(e.g. MAINTENANCE, SCHEDULING, OPERATION OF FACILITIES, RECORD KEEPING).

value activities28
VALUE ACTIVITIES
  • SOME ACTIVITIES ARE PRIMARILY INVOLVED IN QUALITY ASSURANCE AND ARE INVOLVED MAINLY IN ENSURING THE QUALITY OF OTHER ACTIVITIES

(e.g. MONITORING, INSPECTING, TESTING, ETC.)

value activities29
VALUE ACTIVITIES
  • EVERY ACTIVITY THAT IS DONE BY A FIRM NEEDS TO BE CAPTURED IN A PRIMARY OR SUPPORT ACTIVITY.
value activities30
VALUE ACTIVITIES
  • THE ACTIVITIES WITH DISCRETE TECHNOLOGIES AND ECONOMICS SHOULD BE ISOLATED.
value activities31
VALUE ACTIVITIES
  • THE VALUE LABELS ARE ARBITRARY AND THEY SHOULD BE CHOSEN IN ORDER TO PROVIDE THE BEST INSIGHT INTO THE BUSINESS.
  • IT IS ADVISABLE TO ASSIGN THE VALUE ACTIVITIES TO CATEGORIES THAT BEST REPRESENT THEIR CONTRIBUTION TO A FIRM’S COMPETITIVE ADVANTAGE.
value activities32
VALUE ACTIVITIES
  • AN ACTIVITY CAN BE SEPARATED FROM OTHER ACTIVITIES IF IT HAS ANY OF THE FOLLOWING CHARACTERISTICS;

A) HAS A DIFFERENT ECONOMICS

COMPARED TO THE OTHERS

B) HAS A HIGH POTENTIAL IMPACT OF

DIFFERENTIATION AND,

C) REPRESENTS A SIGNIFICANT OR

GROWING PROPORTION OF THE COST

OF PRODUCTION OR OPERATION.

value activities33
VALUE ACTIVITIES
  • SOME ACTIVITIES SHOULD BE COMBINED IF THEY ARE NOT IMPORTANT TO COMPETITIVE ADVANTAGE OF THE FIRM OR IF THEIR ECONOMICS ARE SIMILAR TO THE OTHER ACTIVITIES.
analyzing the chain
ANALYZING THE CHAIN
  • COVER THE ENTIRE COST STRUCTURE OF THE COMPANY
analyzing the chain35
ANALYZING THE CHAIN
  • BE SURE TO INCLUDE THE SUB-CONTRACTED OR OUTSOURCED PORTIONS
linkages within the value chain
LINKAGES WITHIN THE VALUE CHAIN
  • NOT JUST A COMPILATION OF ACTIVITIES THAT ARE INDEPENDENT OF EACH OTHER;
  • INSTEAD, IT IS A SYSTEM OF ACTIVITIES THAT ARE INTERDEPENDENT BECAUSE THEY ARE RELATED BY THEIR LINKAGES.
  • THROUGH THE LINKAGES, THE PERFORMANCE OF ONE ACTIVITY AFFECTS THE COST OR PERFORMANCE OF ANOTHER.
linkages within the value chain37
LINKAGES WITHIN THE VALUE CHAIN
  • THESE LINKAGES BETWEEN THE ACTIVITIES SUGGEST THAT THE COST ADVANTAGE OR THE DIFFERENTIATION OF A FIRM WOULD DEPEND NOT JUST ON THE COST REDUCTION OR PERFORMANCE IMPROVEMENT OF AN INDIVIDUAL ACTIVITY.
  • DO NOT JUST LOOK AT EACH ACTIVITY INDEPENDENTLY
linkages within the value chain38
LINKAGES WITHIN THE VALUE CHAIN
  • THE LINKAGES BETWEEN THE ACTIVITIES CAN BE IDENTIFIED BY SEARCHING FOR WAYS IN WHICH EACH VALUE ACTIVITY AFFECTS OR IS AFFECTED BY OTHERS.
  • OPTIMIZATION AND COORDINATION BETWEEN THE VARIOUS ACTIVITIES OF THE FIRM CAN BE ACHIEVED BY EXPLOITING THESE LINKAGES.
slide39

FIRM INFRASTRUCTURE

SUP-PORT

ACTIV-ITIES

HUMAN RESOURCE MANAGEMENT

MARGIN

TECHNOLOGY DEVELOPMENT

PROCUREMENT

MARKET-ING

& SALES

INBOUND LOGISTICS

OPER-ATIONS

OUTBOUND LOGISTICS

SERVICE

MARGIN

PRIMARY ACTIVITIES

THE GENERIC VALUE CHAIN

vertical linkages
VERTICAL LINKAGES
  • LINKAGES CAN ALSO EXIST OUTSIDE THE FIRM; FOR INSTANCE THERE IS A LINKAGE BETWEEN A FIRM’S CHAIN AND THE VALUE CHAIN OF ITS SUPPLIERS AND CHANNELS.
  • e.g. THE ACTIVITIES OF THE RAW MATERIALS SUPPLIERS AFFECT THE ACTIVITIES OF THE FIRM. SIMILARLY, THE ACTIVITIES OF THE DISTRIBUTOR ALSO AFFECT THE FIRM.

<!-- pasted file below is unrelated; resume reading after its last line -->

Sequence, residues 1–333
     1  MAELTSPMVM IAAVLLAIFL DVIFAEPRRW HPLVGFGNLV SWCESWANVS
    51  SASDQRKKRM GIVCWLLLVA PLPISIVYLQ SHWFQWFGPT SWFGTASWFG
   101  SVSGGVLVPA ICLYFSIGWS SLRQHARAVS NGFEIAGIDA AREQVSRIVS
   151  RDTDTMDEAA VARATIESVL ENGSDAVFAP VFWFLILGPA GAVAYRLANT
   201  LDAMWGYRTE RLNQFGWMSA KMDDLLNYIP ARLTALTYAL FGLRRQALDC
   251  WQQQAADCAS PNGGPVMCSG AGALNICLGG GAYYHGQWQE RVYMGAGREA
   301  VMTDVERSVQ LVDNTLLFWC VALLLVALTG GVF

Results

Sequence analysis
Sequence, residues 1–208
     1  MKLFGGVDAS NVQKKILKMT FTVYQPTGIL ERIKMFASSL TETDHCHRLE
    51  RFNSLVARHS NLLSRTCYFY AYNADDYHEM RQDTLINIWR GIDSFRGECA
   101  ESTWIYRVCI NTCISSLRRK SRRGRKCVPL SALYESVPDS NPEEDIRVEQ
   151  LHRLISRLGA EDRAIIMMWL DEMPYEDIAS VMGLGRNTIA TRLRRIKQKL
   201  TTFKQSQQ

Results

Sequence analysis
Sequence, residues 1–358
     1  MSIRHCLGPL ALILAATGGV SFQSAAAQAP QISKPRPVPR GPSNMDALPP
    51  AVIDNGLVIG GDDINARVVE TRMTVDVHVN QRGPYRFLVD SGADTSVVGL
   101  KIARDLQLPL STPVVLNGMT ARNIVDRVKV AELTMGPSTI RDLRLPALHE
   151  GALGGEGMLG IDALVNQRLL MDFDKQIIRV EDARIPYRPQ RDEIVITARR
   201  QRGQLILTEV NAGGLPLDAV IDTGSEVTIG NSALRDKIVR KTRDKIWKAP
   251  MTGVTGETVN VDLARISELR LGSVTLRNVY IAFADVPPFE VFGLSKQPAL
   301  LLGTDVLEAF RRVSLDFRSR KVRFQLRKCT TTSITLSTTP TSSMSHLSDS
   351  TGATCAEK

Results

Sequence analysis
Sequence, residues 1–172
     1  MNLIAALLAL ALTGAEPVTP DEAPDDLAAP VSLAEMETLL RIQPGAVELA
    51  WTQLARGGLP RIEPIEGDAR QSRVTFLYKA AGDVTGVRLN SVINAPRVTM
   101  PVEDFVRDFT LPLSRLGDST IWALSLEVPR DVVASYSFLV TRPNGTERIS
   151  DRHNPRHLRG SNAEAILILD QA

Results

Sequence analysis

slide41

VALUE SYSTEM:

LINKAGES OF ACTIVITIES BETWEEN FIRMS

CHANNEL /

BUYER

SUPPLIER

F I R M

vertical linkages42
VERTICAL LINKAGES
  • THESE LINKAGES CAN PROVIDE OPPORTUNITIES FOR THE FIRM TO ENHANCE ITS COMPETITIVE ADVANTAGE.
vertical linkages43
VERTICAL LINKAGES
  • THE VALUE CHAIN OF A FIRM IS A PART OF THE VALUE SYSTEM, WHICH IS THE LARGER STREAM OF ACTIVITIES FROM SUPPLIERS TO BUYERS.
vertical linkages44
VERTICAL LINKAGES
  • BECAUSE OF THE INTERACTIONS BETWEEN THEM, THE SUPPLIERS AND EVEN THE CHANNELS AFFECT A COMPANY’S VALUE CHAIN.
vertical linkages45
VERTICAL LINKAGES
  • THE PRODUCT OF A FIRM REPRESENTS A PURCHASED INPUT TO THE BUYER’S CHAIN.
  • DIFFERENTIATION CAN RESULT FROM HOW A FIRM’S VALUE CHAIN RELATES TO THE VALUE CHAIN OF ITS BUYER
vertical linkages46
VERTICAL LINKAGES
  • VALUE IS CREATED WHEN A FIRM CREATES COMPETITIVE ADVANTAGE FOR ITS BUYER.
vertical linkages47
VERTICAL LINKAGES
  • A FIRM CAN ALSO ENTER INTO COALITIONS WITH INDEPENDENT FIRMS TO ACHIEVE BENEFITS FROM THE LINKAGES AMONG THEIR VARIOUS VALUE CHAINS.
  • EXAMPLES OF SUCH COALITIONS ARE TECHNOLOGY LICENSES AND JOINT VENTURES.
competitive scope and business definition
COMPETITIVE SCOPE AND BUSINESS DEFINITION
  • DEFINE THE BUSINESS UNIT IN WHICH THE VALUE CHAIN WOULD BE OPTIMAL FOR THE FIRM

e.g. EXPORT SALES DIVISION vs.

LOCAL SALES DIVISION

applying the value chain to an industry
APPLYING THE VALUE CHAIN TO AN INDUSTRY
  • THE VALUE CHAINS OF THE DIFFERENT FIRMS WITHINAN INDUSTRY VARY FROM ONE ANOTHER
  • IN FACT, THE DIFFERENCES IN THE VALUE CHAINS AMONG THE DIFFERENT INDUSTRY PLAYERS PROVIDE THE SOURCE OF COMPETITIVE ADVANTAGES BETWEEN THESE PLAYERS.
applying the value chain to an industry50
APPLYING THE VALUE CHAIN TO AN INDUSTRY
  • SINCE THE APPLICATION OF THE VALUE CHAIN ANALYSIS TO AN INDUSTRY WILL LIKELY BLUR OR HIDE THESE SOURCES OF COMPETITIVE ADVANTAGE, DR. PORTER THEREFORE SUGGESTS THAT:

THE BUSINESS UNIT IS THE CORRECT LEVEL TO CONSTRUCT A VALUE CHAIN

AND

THE APPLICATION TO AN ENTIRE SECTOR OR INDUSTRY IS NOT RECOMMENDED.

applying the value chain to an industry51
APPLYING THE VALUE CHAIN TO AN INDUSTRY
  • NEVERTHELESS, VALUE CHAIN ANALYSIS ON AN INDUSTRY LEVEL HAS BEEN PERFORMED IN NUMEROUS INDUSTRY STUDIES ALL OVER THE WORLD.
  • THE PEARL 2 PROJECT HAS, THEREFORE, DECIDED TO UTILIZE THE VALUE CHAIN ANALYSIS IN THE VARIOUS STATE-OF-THE SECTOR REPORTS